You can have pretty much any if/else, loop construct nest inside another construct (doesn't have to be the same constructor or the same type of construct).

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How rare! :-P

Well now i just noticed, Either I need to change the hole code, or something is totally wrong here, It compiles ok! but, everytime I put in a number, the char and then a number again, press the enter button, It should give me the result of the calculation. right? but it just closes as quick as I have entered the enter button :-P


 #include <iostream>
using namespace std;

int main()

{
int n1;
char var;
int n2;

cout<<"please type in first number: ";
cin>> n1;
cout<<"\n /*-+ ? ";
cin>> var;
cout<<"please type in the number you wish to "<< var <<" with: ";
cin>> n2;

if ( var == '*' ) {
cout<< "\nYour Answer is: "<< n1*n2;
}


if (var == '-') {
cout<< "\nYour Answer is: "<< n1-n2;
}
else if (var == '+') {
cout<< "\nYour Answer is: "<< n1+n2;
}
else if ( var == '/' ) {
if( n2 == 0 ){
cout << "Error: can't do divide-by-zero.";
}
else {
cout<< "\nYour Answer is: "<< n1/n2;
}

cin.get();
}

cout<< "\n\n\nThank you for trying my new calculator.\n Made By Xsis";

cin.get();
}

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Well, I've never used it but I think cin.get() SHOULD make your program wait for a key before exiting. Code looks okay at first glance.

Easiest way to see if this is the problem IMO is to run a DOS prompt, cd to the directory the executable is in and run it from there, then the screen output will be preserved even if the program is terminating automatically without waiting for a key.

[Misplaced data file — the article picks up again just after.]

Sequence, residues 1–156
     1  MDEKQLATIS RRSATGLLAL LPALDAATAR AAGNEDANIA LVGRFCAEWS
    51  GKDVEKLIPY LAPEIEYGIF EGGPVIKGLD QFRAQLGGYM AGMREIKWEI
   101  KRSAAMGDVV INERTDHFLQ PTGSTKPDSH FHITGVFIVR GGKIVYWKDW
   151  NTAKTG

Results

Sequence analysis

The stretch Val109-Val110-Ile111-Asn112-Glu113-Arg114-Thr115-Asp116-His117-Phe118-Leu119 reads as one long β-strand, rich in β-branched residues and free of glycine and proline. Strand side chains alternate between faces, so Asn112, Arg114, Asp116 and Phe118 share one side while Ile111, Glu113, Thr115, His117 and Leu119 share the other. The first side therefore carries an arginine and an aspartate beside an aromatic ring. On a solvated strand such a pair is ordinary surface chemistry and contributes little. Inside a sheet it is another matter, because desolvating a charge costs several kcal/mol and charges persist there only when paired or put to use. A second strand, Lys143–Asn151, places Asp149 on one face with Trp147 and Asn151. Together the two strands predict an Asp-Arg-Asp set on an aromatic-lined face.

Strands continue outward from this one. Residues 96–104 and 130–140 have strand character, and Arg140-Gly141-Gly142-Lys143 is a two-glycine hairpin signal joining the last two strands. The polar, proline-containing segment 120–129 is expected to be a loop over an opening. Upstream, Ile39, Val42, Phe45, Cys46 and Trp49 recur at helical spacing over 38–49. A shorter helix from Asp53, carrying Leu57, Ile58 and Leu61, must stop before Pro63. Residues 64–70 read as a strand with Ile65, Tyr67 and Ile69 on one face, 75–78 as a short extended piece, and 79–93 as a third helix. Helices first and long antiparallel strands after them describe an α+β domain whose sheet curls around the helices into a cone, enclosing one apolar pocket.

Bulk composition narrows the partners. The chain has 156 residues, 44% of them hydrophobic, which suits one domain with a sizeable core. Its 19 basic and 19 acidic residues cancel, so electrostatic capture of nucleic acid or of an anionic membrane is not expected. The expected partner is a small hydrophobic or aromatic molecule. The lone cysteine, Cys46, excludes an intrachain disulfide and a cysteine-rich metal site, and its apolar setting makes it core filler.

If you are developing for Win32, you could try system("pause"); at the end (you'll need stdlib.h) but this is highly implementation dependant.

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I think you should use switch instead of many if/else. Because switch is faster than if/else.

switch(var)
case '+':
....
break;

case '-':
....
break;

case '/':
....
break;

case '*':
....
break;

default:
....
}

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you can just use getchar() for C code too

that makes to program wait till you press a key

just put that at the end of your code

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Quote:


Originally Posted By Easily Confused

Well, I've never used it but I think cin.get() SHOULD make your program wait for a key before exiting. Code looks okay at first glance.

Easiest way to see if this is the problem IMO is to run a DOS prompt, cd to the directory the executable is in and run it from there, then the screen output will be preserved even if the program is terminating automatically without waiting for a key.

If you are developing for Win32, you could try system("pause"); at the end (you'll need stdlib.h) but this is highly implementation dependant.


Well it works fine I see! so just the pause thing, and Invisal, I'm trying not to change the code completely, but thanks for the advice :-D I'll use it the next time!

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Quote:
Original post by Endar
You can have an if inside an if inside an if inside an if, ad infinitum.

Okay, well not really to infinity, but I don't know the limit. Does anyone know? Does anyone have the C/C++ standard lying around?


There is no limit. The program needs to fit into memory, though.

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That's correct :-D
Hehe!

found out the calculator close problem, it seems that the last time you press enter (at the second number) it activates the next cin.get() :-) so just placed one more and it works! :-D

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Yeah, actually don't use system("pause") ever. Someone has just pointed out in another thread that if someone malicious puts a program called pause.exe in the same directory as your program, they can do anything they want when your program ends. Hadn't thought of that.